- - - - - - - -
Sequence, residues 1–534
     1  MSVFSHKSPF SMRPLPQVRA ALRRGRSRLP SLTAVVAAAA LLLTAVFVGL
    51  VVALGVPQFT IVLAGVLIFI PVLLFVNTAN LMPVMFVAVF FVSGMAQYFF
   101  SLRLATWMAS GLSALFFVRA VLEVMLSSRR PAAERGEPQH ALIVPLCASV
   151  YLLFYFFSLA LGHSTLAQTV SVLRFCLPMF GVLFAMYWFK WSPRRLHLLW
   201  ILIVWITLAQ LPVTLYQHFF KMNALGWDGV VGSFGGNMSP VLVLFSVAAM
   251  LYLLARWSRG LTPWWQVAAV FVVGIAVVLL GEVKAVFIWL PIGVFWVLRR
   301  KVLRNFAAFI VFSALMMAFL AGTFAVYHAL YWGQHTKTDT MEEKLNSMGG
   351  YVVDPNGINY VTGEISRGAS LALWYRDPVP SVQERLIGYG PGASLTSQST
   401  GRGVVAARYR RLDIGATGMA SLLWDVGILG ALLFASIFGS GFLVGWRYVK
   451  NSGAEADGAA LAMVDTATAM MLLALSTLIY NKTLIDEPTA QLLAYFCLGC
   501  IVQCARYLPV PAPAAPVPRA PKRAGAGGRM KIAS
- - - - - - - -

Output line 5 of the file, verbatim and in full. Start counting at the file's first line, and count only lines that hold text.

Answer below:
   151  YLLFYFFSLA LGHSTLAQTV SVLRFCLPMF GVLFAMYWFK WSPRRLHLLW